Now we get the output of the overridden __repr__.

So here's how it works. The print function calls str on any non-string objects, which returns the result of the __str__ method, if available, or the result of calling repr on the instance, which in turn returns the result of the __repr__ method, which results in a generic output unless overridden (like in the last example above).

This should be case in favor towards spending a few seconds thinking about and writing useful __str__ methods for your custom types. Someone walking along working with your code later on, might just print an instance of your class to see what's in it, and the generic output with the instance's id is unlikely to be very helpful.

Write to files

Another keyword argument accepted by print is file=. This can be set to a file object, in which case the printing will be done to that file object instead of standard output.

Let's try writing text to a file using the print function like this:

with open("outputs.txt", "w") as f:
    print("Stuff that doesn't show up in standard output", file=f)

Running this script obviously doesn't print anything to the standard output. Instead, a file "outputs.txt" is created which contains the following text:

Stuff that doesn't show up in standard output

Note that since we are opening the file with mode as "w", so if a file named "outputs.txt" already exists in the current folder, it will be overwritten.

Using sys.stderr

The sys.stderr object in the sys module is a file-like object that represents the standard error. Writing to this file-like object directs it to the standard error stream. This is similar to the sys.stdout object which represents the standard output stream, in a similar fashion.

The file= keyword argument can be set to sys.stderr which will print to the standard error stream.

import sys

print("stuff going to standard error", file=sys.stderr)

You might not notice any difference from setting the file= argument in the above script, but if you are running a terminal emulator / shell that shows standard error in red color, then you'll be able to see a difference.

Modifying sys.stdout

If we don't set a value explicitly to the file= argument, the output will be sent to the standard output. There's a small note to that point to be observed. In reality, the output will be sent to the sys.stdout file object. Usually, these two are the same. But, of course, we can set sys.stdout to something else.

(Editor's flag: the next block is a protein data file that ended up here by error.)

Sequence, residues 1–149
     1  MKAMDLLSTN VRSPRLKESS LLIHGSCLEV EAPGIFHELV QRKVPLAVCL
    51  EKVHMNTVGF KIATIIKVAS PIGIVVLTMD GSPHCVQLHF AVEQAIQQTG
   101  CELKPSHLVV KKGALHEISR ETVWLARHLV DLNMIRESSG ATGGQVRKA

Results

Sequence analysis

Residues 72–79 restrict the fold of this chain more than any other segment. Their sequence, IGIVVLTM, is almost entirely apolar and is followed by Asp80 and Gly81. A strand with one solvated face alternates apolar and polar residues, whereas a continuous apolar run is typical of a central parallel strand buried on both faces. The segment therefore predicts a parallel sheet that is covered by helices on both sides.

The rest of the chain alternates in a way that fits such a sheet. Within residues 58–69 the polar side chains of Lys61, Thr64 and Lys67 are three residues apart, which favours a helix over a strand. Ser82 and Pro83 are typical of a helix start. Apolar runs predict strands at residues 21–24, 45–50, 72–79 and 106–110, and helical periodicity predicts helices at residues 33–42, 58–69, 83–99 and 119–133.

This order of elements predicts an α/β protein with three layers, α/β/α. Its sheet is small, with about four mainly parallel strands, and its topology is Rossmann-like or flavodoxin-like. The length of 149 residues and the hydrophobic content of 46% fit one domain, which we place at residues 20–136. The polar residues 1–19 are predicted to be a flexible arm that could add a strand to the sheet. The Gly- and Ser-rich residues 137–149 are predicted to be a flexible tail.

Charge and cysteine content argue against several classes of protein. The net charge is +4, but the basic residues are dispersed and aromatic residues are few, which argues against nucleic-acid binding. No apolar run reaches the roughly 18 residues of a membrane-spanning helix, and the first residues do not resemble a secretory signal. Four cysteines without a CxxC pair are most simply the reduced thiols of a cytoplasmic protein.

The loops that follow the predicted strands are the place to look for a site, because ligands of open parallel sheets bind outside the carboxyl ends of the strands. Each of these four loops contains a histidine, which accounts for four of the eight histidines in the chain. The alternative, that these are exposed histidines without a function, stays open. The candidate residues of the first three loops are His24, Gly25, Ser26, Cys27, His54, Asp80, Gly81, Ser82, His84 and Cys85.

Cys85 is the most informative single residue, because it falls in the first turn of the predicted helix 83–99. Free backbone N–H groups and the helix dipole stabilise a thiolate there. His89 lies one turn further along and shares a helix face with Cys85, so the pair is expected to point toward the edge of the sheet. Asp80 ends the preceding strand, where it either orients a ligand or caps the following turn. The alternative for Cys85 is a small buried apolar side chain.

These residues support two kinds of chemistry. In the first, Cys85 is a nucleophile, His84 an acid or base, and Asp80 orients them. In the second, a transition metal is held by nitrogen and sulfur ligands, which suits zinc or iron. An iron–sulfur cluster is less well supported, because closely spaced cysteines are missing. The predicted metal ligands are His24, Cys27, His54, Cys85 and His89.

Consider the following script which changes the value of sys.stdout, prints something, and then restores the value of sys.stdout to its original value.

import sys

original_stdout = sys.stdout
with open("out.txt", "w") as f:
    sys.stdout = f
    print("trololololol")

sys.stdout = original_stdout
print("restored")

If we run this script, we'll only see restored in the output, but the file out.txt will be created with the output from line 6.

A minor point to note here is that it's probably incorrect to say "the default value of the file argument is sys.stdout". Since if that were the case, changing the value of sys.stdout should not affect the print function. Instead, I believe its default value is None and in that case, print uses the current value of sys.stdout.

We can verify this by explicitly passing in None to the file= argument:

import sys

original_stdout = sys.stdout
with open("out.txt", "w") as f:
    sys.stdout = f
    print("trololololol", file=None)


sys.stdout = original_stdout
print("restored", file=None)

The above script produces the exact same output as when we didn't provide the file= argument explicitly.

Collecting with io.StringIO

The io.StringIO can be used to create a file object that collects all that is written to it, and then get it all out as a string. This is useful when calling a function that prints information using the print function, but instead, we want that output as a string for further processing. We can replace sys.stdout with a io.StringIO instance before calling that function, and then restore it after. Here's how this might look like:

import io, sys

def print_product(a, b):
    print(a * b)


original_stdout = sys.stdout
string_io = io.StringIO()

sys.stdout = string_io
print_product(4, 5)
sys.stdout = original_stdout

result = string_io.getvalue()
print("Result is", result)

In this script, the print_product function prints the result of the multiplication, instead of returning it. So to get the result out of it, we replace sys.stdout with a io.StringIO instance and after calling the print_product function, we get the printed result using the .getvalue() method.